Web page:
We heard a lot additional comments when we asked voters if they could send one message to their Member of Congress, what would it be? We got a lot of feedback in this question, but specifically about Reproductive Rights and Gun Violence. Whereas Reproductive Freedom didn’t appear that often among the Urgent Issues unless the issue was favored in the media that week. But these two issues became pretty consistent in the Message to Members query.
Hope Springs from Field PAC has been knocking on doors in a grassroots-led effort to prepare the Electoral Battleground in what has been called the First Round of a traditional Five Round Canvass. We are taking those efforts to the doors of the communities most effected (the intended targets or victims) of these new voter suppression laws.
Obviously, we rely on grassroots support, so if you support field/grassroots organizing, voter registration (and follow-up) and our efforts to protect our voters, we would certainly appreciate your support:
Hope Springs from Field PAC understands that repeated face to face interactions are critical. And we are among those who believe that Democrats didn’t do as well in the 2020 Congressional races as expected because we didn’t knock on doors — and we didn’t register new voters (while Republicans dud). We are returning to the old school basics: repeated contacts, repeated efforts to remind them of protocols, meeting them were they are. Mentoring those who need it (like first time and newly registered voters). Reminding, reminding, reminding, and then chasing down those voters whose ballots need to be cured.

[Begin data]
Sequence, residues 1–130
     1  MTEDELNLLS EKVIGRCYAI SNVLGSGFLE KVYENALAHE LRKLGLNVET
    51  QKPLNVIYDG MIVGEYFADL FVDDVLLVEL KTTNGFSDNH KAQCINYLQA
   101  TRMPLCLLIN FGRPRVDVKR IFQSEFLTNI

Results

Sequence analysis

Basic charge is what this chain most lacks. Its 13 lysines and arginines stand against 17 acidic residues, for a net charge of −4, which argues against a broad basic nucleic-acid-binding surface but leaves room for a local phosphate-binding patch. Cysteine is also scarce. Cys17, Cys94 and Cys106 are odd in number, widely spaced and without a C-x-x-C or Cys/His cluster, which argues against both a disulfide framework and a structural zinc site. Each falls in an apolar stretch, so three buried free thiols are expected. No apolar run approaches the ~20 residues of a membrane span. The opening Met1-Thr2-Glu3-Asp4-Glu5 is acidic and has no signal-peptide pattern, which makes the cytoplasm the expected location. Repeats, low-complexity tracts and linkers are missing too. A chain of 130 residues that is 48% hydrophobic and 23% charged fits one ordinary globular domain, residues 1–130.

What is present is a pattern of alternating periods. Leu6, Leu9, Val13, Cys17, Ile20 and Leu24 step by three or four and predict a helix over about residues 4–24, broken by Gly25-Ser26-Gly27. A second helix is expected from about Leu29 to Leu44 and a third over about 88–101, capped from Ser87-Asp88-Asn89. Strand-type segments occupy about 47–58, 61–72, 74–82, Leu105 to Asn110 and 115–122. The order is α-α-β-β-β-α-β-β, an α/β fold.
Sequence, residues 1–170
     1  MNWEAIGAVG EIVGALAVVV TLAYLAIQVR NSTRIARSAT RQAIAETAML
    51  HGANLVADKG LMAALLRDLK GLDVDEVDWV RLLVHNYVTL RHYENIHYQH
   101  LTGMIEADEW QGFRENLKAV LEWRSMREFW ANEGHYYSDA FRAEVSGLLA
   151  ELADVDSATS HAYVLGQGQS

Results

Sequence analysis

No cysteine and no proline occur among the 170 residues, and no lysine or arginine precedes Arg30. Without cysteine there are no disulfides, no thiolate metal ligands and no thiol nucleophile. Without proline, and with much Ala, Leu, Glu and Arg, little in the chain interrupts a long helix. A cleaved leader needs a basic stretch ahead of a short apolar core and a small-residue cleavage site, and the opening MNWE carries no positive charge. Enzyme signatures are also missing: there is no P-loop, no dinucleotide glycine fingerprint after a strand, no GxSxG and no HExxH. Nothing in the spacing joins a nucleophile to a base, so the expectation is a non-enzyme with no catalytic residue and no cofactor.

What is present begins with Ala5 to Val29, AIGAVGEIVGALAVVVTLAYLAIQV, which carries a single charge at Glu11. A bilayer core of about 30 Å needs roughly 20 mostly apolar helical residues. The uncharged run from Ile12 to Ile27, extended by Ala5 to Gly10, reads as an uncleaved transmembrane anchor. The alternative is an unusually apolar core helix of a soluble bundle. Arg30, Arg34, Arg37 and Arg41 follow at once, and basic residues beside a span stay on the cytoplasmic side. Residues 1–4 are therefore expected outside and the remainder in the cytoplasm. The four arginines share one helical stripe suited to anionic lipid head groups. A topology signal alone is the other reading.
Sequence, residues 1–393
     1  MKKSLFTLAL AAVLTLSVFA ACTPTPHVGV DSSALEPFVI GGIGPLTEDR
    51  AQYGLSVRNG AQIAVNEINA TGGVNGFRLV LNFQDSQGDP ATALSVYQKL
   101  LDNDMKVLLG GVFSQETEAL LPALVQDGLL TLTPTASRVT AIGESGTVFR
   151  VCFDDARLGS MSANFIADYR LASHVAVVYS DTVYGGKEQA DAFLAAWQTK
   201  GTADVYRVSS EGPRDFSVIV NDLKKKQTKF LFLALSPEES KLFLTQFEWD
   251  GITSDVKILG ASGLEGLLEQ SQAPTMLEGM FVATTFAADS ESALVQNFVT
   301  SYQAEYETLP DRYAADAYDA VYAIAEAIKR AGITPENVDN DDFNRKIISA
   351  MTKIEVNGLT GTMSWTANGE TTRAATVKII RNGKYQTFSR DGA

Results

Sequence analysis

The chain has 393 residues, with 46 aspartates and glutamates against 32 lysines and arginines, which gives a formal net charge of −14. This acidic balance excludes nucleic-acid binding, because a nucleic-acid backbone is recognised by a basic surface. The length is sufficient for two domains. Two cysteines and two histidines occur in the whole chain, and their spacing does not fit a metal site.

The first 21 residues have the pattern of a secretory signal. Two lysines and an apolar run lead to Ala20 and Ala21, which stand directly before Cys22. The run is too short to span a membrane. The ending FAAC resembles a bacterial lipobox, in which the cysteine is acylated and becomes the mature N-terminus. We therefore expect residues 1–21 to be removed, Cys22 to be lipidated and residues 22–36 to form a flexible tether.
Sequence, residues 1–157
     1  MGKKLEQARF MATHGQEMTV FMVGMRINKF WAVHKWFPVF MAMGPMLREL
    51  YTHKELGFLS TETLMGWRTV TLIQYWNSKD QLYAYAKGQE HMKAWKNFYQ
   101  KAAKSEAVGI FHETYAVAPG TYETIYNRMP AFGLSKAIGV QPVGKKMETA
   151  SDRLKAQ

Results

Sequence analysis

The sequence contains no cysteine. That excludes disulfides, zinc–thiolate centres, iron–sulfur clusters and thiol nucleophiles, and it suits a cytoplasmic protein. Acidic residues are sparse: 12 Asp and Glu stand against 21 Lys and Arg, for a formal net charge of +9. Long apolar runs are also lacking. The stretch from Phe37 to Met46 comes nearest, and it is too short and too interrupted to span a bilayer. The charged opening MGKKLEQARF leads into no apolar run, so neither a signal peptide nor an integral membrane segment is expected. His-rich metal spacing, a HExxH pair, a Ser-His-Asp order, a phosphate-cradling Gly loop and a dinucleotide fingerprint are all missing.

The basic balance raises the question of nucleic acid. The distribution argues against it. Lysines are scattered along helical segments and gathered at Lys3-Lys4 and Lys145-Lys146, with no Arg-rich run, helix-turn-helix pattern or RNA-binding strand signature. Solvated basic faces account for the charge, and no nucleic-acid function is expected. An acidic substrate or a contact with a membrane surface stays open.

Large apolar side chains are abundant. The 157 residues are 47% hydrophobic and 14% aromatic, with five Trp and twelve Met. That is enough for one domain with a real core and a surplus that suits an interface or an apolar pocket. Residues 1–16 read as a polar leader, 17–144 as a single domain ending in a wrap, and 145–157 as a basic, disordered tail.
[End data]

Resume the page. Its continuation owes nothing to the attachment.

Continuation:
The most interesting question on the Issues Questionnaire was, If there a single issue that will determine how you vote, what is it? In Georgia, the most frequent response to this question was party affiliation. But remember that we were talking primarily to African-American voters. The second most frequent response was where candidates stood on Abortion Rights. 21% of those who gave a response to this question was on Abortion Rights.
Questions about politicians were also popular. Voters seem to love sharing their opinions about whether or not the like or approve of their elected officials and candidates. If you can find a pattern in these results, then you are better than me! But the data is what the data is. Compare what we were finding at the doors of Democrats and Unaffiliated voters with what 538 was finding in public opinion polls (below).
President Biden averaged 64% approval over the Summer and Spring. In the Spring, Biden was significantly higher than average, and he finished above average as well. Sen. Warnock averaged 79% over this same time. He finished slightly higher than that. Stacey Abrams averaged 64% over this time, and finished above her average, as well.
We registered 463 New Voters at the doors this year. We re-registered (or updated their addresses) 2,590 voters at their doors.